Hello Mr. Pease:
Thanks for writing all of these interesting tidbits of information over the years. I am tempted to purchase an old VW and wire up the sound system with some of that newfangled oxygen-free copper at $6/ft so that it will sound better. (With an old VW, you can't even hear the sound system, unless you turn off the ignition! /rap)
In your article, "What's All This Shunt Stuff, Anyhow?" (Electronic Design, April 29, p. 94), you mentioned that you soldered nichrome wire using a strong HCI flux. What exactly is that? (That's not HCI, but HCl or hydrogen chloride. Hydrochloric acid is a very strong acid. Go to any good plumbing store and buy a little bottle. But be careful to wear goggles when soldering, and don't touch the stuff, and wash off all flux. /rap) The only way that I have been able to solder nichrome wire is with silver solder. If there's an easier way to do that I would like to know!
I didn't know that silver solder is one way to do it. But that takes very high temperatures. So, just try the HCl method mentioned in my column.—RAP
I always enjoy your "Stuff." When do you find time to read and write all the e-mail? I could use some. I used to make up all kinds of drills that I didn't have as a kid. So when I need a special drill, I do as you would.
I once owned a house in New England, built in 1925. It had an iron water-feed pipe from the street (~50 ft) that had almost rusted closed (~2 gpm). I was determined to "fix" it before spring when the ground would thaw and I could dig it up. I soldered a hole saw to a 1/2-in. copper pipe and made interlocking sections of pipe to make the length. I then unscrewed the water meter and elbow to get a straight shot down the pipe and proceeded to drill. I put a PVC angle with a close fitting through-hole to channel the water away from the drill, and I wore rubber boots and rubber gloves as water was everywhere with the 120 V ac.
When the water started to flow heavy, I stopped drilling and pulled out. With everything back together, life was good—until I noticed the next day that the wall was getting wet from behind. I guess the drill broke through the side of the weak pipe, and water was leaking against the house. Afraid that it would push the basement wall in, I drilled a drain hole through the concrete down low. With a hose connected to that drain we were okay until spring when I dug it up and put in copper. That was my next most exciting drill job.
Hello, Steven. Thanks for sending in some of the wildest comments on drilling that I have received so far.—RAP
I love your columns and books. Maybe you can help resolve something that's been nagging at me. While fixing up a few dead power supplies, I found they had blown (among other things) the current-sensing transistor. In the designs, there was a low-ohm resistor in the hot lead, with the base-emitter junction of the current-sensing transistor directly across it. The collector, of course, goes back to some point to inject the shutoff current.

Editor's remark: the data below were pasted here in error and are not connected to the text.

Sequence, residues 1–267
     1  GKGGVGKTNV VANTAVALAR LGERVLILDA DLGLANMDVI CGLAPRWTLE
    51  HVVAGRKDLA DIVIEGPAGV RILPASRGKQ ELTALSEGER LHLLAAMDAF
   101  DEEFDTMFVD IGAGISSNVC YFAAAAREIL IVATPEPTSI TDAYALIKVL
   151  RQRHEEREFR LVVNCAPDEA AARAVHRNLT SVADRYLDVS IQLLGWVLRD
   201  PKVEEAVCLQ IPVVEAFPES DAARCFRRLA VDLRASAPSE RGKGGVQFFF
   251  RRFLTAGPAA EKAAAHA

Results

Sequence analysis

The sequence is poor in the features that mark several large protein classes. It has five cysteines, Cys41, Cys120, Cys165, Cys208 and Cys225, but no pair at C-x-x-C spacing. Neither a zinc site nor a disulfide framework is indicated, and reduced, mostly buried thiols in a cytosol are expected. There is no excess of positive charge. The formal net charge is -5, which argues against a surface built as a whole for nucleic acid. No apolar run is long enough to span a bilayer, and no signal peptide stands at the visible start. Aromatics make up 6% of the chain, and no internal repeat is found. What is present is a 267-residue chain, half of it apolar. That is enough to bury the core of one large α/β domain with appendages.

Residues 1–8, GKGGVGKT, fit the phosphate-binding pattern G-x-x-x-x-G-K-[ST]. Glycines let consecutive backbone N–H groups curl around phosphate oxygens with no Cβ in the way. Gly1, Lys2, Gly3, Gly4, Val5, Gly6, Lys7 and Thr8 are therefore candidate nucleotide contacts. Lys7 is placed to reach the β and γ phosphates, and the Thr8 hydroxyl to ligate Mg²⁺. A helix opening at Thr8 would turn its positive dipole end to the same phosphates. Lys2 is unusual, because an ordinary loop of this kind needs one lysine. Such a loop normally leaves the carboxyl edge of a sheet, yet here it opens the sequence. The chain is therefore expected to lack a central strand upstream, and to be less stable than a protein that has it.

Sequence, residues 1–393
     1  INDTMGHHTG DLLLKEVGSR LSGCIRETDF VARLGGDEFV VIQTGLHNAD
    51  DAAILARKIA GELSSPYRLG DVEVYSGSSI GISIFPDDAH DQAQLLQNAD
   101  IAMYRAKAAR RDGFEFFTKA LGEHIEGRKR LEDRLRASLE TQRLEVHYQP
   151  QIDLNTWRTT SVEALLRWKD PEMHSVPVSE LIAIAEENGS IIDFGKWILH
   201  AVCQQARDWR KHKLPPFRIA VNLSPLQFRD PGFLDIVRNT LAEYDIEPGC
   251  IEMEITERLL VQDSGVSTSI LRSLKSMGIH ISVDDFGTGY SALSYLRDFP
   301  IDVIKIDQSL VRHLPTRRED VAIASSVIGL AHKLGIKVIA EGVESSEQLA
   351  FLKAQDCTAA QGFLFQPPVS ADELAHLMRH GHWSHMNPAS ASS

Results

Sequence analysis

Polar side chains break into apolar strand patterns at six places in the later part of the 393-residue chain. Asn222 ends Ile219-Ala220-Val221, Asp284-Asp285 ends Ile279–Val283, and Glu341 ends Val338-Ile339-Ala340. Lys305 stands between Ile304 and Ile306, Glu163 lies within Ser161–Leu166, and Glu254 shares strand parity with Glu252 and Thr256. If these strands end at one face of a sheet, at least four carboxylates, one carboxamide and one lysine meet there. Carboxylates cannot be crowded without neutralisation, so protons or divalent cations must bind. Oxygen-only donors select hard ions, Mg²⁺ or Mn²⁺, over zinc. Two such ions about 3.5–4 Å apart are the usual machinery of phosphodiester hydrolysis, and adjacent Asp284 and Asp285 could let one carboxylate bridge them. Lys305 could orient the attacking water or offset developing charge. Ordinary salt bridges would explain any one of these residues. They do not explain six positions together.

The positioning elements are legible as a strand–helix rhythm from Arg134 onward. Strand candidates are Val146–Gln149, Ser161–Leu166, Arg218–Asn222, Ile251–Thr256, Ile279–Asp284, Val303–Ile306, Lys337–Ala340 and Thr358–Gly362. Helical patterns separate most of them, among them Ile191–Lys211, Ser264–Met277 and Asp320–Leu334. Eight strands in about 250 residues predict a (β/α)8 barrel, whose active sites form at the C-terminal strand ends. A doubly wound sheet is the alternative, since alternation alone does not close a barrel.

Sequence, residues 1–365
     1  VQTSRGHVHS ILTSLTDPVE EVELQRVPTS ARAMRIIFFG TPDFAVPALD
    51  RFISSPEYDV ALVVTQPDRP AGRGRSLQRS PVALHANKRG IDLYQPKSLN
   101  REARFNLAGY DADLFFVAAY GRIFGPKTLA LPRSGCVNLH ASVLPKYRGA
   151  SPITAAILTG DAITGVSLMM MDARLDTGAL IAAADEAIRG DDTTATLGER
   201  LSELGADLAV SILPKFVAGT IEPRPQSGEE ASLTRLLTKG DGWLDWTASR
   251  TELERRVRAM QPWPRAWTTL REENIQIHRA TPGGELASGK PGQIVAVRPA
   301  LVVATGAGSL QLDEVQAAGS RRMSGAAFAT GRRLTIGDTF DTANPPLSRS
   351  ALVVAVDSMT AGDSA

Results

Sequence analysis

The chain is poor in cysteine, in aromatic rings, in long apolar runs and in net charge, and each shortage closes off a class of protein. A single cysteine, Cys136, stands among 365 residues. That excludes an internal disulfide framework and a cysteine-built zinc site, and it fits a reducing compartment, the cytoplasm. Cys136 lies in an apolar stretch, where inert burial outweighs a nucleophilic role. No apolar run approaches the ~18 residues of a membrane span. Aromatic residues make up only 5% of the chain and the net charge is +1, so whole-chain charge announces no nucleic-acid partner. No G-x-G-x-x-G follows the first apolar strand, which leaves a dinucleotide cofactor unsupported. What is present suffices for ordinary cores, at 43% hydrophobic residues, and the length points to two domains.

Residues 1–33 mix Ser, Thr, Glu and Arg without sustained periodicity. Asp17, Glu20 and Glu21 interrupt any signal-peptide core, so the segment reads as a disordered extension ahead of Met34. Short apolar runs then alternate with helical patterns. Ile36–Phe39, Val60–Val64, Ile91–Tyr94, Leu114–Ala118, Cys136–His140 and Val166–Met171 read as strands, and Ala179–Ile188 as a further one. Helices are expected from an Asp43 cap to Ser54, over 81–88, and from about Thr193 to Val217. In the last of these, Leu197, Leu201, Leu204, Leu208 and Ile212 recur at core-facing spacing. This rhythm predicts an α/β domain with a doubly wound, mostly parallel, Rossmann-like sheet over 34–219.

Now, if you do a little thought experiment: If you short the output, then there's full output voltage across the current-sensing resistor for an instant, and base to emitter. (Quite right! /rap) In a few microseconds, the series-pass transistor will turn off. (Well, in theory. /rap) But for a few microseconds, at a first approximation, there's an awful lot of overdrive to the current-sensing transistor!
Is it just me, or would it be a good idea to have, say, a 1-kΩ resistor to limit the worst-case base overdrive? (Pretty much right. I would have said 100 Ω. But somewhere between 1 kΩ and 100 Ω would probably work with the best safety margin. To define any safety factor, you might apply a vicious short to the output with various R values between 47 Ω and 2 kΩ. I think if you put in 2 or 1 kΩ you will tend to destroy the main pass transistors, whereas anything below 47 Ω will likely rip out the sense transistor. That's a guess. I learned that in 1968. /rap)
One design was in a shakily designed telemetry scope. But the other two were in multikilobuck Fluke and Hewlett-Packard equipment, usually noted for good, conservative designs.
George R. Gonzalez
Yeah, well, they're usually good, conservative designs. You should complain to Fluke and HP, and tell them I'm with you. Do you think Spice says that 0 Ω is okay? I bet that's a major part of the problem. If Spice says it's okay, then you don't have to test it, do you?—RAP
All for now. / Comments invited!
RAP / Robert A. Pease / Engineer
Mail Stop D2597A
P.O. Box 58090
Santa Clara, CA 95052-8090
A Note On Ginger Stuff: Is Ginger fun to drive? I did a brief test-drive of a Segway, under the watch of inventor Dean Kamen. Yes, it's easy and fun. The words that come to mind are intuitive and user friendly. I watched a couple dozen people also learn quickly as they took a brief test-ride. Obviously, we all loved it! To make this interface work so naturally certainly shows world-class engineering. I still don't think it will stop really fast, but it stops okay. (So does my bicycle, and considerably faster.) More later. /rap